What Does it Take to Be a Firefighter?
Firefighters work to save lives and property from dangerous situations, such as fires and accidents. They may also respond to medical emergencies or disasters. Whether you are interested in becoming a firefighter or know someone who is, understanding the role, educational qualifications and training will help you decide whether this job is right for you.
Fires can be caused by several factors, including fuel, oxygen and heat. To extinguish a fire, firefighters use water and other chemical retardants to deprive the fire of its three main elements. They also use ladders, pumps and other tools to enter burning buildings or other structures, rescue victims and remove hazardous materials from sites.
The basic requirements for a firefighter are a high school diploma, a clean criminal record and corrected 20/20 eyesight. Most fire departments require candidates to attend a firefighting academy, either at a federal, state or local level.
There are several firefighting career paths, with each taking a different amount of time to complete. Some programs offer a certificate, while others lead to a bachelor’s degree in fire science. You’ll also need to earn emergency medical technician (EMT) certifications and pass a medical examination.
Those who want to become firefighters may choose to complete an apprenticeship or participate in a firefighter school program, depending on the fire department or agency that hires you. These programs may be part of a community college or technical college and involve on-the-job training.
A career as a firefighter is a difficult and demanding one. It requires a strong desire to serve your community and protect life, property and the environment.
Your duties as a firefighter vary by region and by the type of fire you fight. Some fires require immediate response, such as fires in commercial and residential buildings or on construction sites. Other fires, such as wildfires and explosions, require extensive preplanning and planning before they can be tackled.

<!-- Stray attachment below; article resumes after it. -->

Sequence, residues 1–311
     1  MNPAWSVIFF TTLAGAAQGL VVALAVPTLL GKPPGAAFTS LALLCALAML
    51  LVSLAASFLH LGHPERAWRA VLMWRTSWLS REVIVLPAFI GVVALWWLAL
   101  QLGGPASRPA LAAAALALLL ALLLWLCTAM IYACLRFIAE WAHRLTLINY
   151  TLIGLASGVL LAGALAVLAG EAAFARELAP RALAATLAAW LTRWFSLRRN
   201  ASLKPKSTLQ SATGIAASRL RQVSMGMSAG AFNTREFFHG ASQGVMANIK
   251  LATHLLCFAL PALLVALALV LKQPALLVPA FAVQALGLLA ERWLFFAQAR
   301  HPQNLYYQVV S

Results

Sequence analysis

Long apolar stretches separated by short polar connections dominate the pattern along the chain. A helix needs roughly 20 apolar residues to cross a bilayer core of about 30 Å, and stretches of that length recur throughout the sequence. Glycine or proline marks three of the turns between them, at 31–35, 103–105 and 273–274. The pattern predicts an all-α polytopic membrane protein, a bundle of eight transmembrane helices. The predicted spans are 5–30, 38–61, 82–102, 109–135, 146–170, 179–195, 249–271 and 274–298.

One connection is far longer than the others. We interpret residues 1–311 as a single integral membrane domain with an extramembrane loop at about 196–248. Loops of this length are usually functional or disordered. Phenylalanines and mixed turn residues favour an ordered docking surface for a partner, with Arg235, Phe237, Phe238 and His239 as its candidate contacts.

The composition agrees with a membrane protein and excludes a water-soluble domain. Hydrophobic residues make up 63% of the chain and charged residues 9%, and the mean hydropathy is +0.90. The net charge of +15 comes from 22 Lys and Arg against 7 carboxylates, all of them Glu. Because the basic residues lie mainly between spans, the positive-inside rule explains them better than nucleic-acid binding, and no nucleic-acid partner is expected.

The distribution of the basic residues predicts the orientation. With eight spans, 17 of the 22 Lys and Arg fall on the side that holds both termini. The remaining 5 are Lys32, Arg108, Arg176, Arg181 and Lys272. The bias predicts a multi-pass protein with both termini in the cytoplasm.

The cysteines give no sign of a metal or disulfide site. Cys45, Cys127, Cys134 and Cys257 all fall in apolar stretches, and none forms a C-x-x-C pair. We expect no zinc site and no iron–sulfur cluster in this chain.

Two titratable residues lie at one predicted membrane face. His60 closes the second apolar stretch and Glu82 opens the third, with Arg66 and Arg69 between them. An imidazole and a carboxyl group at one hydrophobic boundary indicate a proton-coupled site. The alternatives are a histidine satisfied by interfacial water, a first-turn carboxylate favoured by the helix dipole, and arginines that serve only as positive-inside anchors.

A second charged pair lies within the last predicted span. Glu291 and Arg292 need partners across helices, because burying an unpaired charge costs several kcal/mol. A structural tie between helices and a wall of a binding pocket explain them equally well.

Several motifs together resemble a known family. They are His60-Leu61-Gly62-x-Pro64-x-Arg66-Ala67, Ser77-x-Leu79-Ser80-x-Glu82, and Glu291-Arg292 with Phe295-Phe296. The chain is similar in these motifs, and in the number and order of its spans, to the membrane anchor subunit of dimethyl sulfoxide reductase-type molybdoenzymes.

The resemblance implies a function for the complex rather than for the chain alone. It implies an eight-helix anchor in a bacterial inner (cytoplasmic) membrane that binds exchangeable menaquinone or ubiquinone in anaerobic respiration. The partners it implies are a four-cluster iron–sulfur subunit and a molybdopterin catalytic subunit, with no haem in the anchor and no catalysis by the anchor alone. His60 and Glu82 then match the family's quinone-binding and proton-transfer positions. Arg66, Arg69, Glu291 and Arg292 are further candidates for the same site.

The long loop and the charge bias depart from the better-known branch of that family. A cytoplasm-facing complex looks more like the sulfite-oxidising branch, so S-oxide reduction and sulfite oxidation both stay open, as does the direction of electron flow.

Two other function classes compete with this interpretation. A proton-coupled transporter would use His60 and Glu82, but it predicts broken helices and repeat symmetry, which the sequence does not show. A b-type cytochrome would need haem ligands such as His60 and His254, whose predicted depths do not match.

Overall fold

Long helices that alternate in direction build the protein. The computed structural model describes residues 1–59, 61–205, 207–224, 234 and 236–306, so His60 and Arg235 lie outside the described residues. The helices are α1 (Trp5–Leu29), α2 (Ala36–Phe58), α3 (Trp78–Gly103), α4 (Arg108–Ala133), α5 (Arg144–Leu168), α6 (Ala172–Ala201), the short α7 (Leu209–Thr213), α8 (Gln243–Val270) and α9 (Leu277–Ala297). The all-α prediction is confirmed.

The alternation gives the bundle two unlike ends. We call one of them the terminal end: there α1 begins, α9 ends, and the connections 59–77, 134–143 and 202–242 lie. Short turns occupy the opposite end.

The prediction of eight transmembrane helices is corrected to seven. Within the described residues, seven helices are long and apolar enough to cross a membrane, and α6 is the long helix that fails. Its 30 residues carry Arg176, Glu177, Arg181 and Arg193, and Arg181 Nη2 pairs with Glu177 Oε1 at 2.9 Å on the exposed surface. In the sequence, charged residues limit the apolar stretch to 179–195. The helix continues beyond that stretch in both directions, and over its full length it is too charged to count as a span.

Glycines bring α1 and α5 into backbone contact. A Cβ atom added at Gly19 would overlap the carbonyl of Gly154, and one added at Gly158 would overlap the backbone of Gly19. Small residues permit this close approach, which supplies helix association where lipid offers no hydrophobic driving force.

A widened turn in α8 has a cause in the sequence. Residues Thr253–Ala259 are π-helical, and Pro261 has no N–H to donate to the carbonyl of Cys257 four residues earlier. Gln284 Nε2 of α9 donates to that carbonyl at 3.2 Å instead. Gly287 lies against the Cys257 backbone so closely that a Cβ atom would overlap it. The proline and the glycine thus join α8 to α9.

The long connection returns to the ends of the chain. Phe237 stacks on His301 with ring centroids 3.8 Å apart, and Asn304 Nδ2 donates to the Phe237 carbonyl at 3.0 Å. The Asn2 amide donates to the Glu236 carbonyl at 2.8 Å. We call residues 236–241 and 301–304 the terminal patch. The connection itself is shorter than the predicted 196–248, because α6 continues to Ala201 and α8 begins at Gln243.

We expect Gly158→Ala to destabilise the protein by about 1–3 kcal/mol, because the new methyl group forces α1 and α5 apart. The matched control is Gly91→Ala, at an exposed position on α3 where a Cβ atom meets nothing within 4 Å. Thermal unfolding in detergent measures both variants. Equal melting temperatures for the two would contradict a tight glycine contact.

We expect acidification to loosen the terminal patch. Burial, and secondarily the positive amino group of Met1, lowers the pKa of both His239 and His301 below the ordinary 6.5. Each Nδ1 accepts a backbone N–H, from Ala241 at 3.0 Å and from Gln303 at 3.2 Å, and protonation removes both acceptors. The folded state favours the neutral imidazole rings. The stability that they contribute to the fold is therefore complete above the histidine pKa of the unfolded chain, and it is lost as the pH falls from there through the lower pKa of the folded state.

In addition to the physical aspects of the job, firefighters must be able to communicate effectively with fellow workers. This includes directing and overseeing the work of other firefighters, as well as communicating with clients and customers.
Some firefighters also perform public education and outreach activities, including talking to youth about fire prevention. They may also be responsible for enforcing safety regulations on construction sites, businesses and homes.
Besides being physically fit, firefighters must be knowledgeable in first aid and CPR techniques. These skills can help firefighters administer treatment for injured victims and save lives.
Firefighters often work long shifts, and schedules vary by district. Some stations allow for 24 hours on and 48 hours off, while others are on a rotating basis.
To keep up with the pace of the job, most firefighters need to exercise on a regular basis. They should also take part in fitness testing to make sure they are physically capable of performing the duties of a firefighter.
Despite the challenges of the job, a career as a firefighter can be rewarding and exciting. The labor market for firefighters is expected to grow about 28% by 2024, according to the Bureau of Labor Statistics.